I’ve gotta say that these ones from Gitman really hit the spot.  Like the Avanti ones, they have a bit more interest than the typical florals, but they also bring back the wide collar! They also do away with the chest pocket in order to maintain a clean front.

 

 

RRL

 

RRL takes us back to the original 1940s-1950’s manufacturing with their rayon camp shirts.  Like the Gitman ones, there’s just something so much more interesting when the prints are something more than oversized florals.  According to the official website, this particular design was based on 1930’s tattoo art, which I think is super cool. The shirt also features two breast pockets (making them similar to plain sportshirts of the era) and also opts for a modest collar.

RRL also has an indigo camp shirt with a more straightforward floral print, while Polo RL has more scenery based prints for half the price.

Sun Surf

 

Sun Surf is probably the best reproduction brand for aloha shirts, which makes sense considering Japan’s love affair with Americana. I’ve come across these in some of my favorite vintage stores, and they’re practically indistinguishable from true vintage pieces apart from the fact that the Sun Surf ones are new. Being a detailed reproduction, a lot of their prints are influenced directly from old garments; most of the time they go all out with their large-scale, bold prints. This is what makes them my favorite, since it’s a great way to get a true vintage flair that is completely different than the more standard florals and smaller scale scenes that you can find in the previous examples. They also keep the long, floppy 1940s-1950s collar and make them in the traditional rayon. You could own the character and wear it by itself or cover it up with a chore coat or casual jacket to tone it down.

Unfortunately, I couldn’t find a lot of places to find them other than a few boutiques, but they do pop up occasionally on Rakuten, Grailed, and eBay.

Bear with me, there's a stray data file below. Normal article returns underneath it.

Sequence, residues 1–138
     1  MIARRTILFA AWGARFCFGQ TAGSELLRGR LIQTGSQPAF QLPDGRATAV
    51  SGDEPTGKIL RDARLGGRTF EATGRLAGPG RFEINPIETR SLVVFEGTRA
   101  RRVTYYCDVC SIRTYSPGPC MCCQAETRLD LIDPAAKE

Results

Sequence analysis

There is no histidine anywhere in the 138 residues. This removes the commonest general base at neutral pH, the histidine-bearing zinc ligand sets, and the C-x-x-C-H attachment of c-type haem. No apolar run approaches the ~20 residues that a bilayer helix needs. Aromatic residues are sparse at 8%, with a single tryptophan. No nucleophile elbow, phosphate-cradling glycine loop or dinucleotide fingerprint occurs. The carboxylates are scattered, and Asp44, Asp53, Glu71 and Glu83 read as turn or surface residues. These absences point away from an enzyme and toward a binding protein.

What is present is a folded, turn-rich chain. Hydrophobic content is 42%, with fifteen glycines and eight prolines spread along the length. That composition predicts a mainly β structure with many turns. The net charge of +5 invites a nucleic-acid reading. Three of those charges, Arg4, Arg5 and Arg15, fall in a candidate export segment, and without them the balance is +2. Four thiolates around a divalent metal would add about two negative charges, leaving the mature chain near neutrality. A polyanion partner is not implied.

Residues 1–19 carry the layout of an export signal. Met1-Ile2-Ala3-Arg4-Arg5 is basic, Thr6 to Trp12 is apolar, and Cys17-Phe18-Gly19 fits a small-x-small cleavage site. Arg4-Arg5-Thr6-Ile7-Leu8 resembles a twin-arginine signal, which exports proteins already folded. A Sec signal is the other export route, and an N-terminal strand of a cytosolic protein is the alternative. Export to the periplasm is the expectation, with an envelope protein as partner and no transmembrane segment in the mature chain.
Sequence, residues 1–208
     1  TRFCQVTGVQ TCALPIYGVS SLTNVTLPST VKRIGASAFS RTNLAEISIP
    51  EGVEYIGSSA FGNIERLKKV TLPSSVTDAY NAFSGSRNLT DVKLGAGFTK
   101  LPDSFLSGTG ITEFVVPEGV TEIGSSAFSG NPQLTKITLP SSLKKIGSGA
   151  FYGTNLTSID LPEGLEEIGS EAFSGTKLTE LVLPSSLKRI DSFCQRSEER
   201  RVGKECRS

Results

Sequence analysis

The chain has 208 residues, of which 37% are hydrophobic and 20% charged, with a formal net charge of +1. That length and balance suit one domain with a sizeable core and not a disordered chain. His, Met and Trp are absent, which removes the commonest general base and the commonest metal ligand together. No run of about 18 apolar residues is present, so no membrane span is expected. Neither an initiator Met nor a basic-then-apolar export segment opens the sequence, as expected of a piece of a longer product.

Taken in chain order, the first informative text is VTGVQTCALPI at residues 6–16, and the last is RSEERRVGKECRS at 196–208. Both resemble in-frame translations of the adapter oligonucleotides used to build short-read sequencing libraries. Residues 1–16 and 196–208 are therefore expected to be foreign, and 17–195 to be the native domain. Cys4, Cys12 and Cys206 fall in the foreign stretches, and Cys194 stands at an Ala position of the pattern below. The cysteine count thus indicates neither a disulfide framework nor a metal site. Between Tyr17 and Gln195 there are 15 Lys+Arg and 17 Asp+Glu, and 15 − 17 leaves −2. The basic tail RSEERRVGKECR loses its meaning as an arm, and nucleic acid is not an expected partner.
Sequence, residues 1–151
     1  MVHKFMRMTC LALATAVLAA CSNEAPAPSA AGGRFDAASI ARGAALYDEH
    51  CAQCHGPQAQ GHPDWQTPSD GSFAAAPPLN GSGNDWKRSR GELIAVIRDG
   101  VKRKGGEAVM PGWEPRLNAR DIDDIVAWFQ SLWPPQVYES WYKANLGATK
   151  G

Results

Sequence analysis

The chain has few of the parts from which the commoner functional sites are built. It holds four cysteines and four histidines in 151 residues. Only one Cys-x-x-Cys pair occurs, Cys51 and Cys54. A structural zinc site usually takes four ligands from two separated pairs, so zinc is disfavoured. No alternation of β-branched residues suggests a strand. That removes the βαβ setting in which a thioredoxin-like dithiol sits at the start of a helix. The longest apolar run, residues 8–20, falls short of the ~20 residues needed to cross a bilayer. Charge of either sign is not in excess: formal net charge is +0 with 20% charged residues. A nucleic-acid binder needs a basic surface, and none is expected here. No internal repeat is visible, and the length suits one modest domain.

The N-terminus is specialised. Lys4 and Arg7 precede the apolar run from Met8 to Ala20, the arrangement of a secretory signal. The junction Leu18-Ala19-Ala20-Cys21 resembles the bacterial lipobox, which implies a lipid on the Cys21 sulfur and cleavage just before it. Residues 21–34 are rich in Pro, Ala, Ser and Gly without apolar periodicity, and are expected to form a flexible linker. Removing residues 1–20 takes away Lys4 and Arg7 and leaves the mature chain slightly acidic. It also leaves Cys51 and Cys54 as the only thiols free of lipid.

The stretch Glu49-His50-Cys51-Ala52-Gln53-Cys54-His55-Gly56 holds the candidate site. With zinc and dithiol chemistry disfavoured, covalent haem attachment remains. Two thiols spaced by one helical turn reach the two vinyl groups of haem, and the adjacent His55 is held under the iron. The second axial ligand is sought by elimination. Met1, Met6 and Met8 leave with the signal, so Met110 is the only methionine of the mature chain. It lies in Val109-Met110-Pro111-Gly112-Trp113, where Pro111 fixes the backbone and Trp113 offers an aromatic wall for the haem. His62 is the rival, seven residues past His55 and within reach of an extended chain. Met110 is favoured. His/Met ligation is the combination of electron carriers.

Brycelands 

 

Brycelands stocks a selection from Groovin High, another Japan-based company.  Like the Sun Surf ones, these are damn good designs lifted from 1940s-1950s shirts. The ones sold by Bryceland’s aren’t necessarily true aloha shirts since the prints are more geometric than floral/island based, but they still can be used for a similar look.  The shirts are made up of luxurious rayon/silk and have a wide collar, two breast pockets, and long sleeves.

Prada

 

We can’t have a proper list without a bit of luxury.  This voile shirt by Prada is really growing on me! The coloring is vibrant and leans more 80s-90s rather than strictly 1950s; think DiCaprio in Romeo + Juliet. In addition to having an amazing beach scene painted on the back, this shirt is made of delicate voile and features black mother of pearl buttons. At a certain point, you’ll just have to go ahead and go all in on the price; you won’t find another one like it.

Embrace White Pants

The reluctance to wear white past Labor Day has long been debunked in the United States. But for many men, when to wear white isn’t an issue because, save for the white business shirt, they never wear it. Which is a shame, because alongside navy blue, wearing white pants (or off-white) is just about the easiest yet most stylish things a man can do.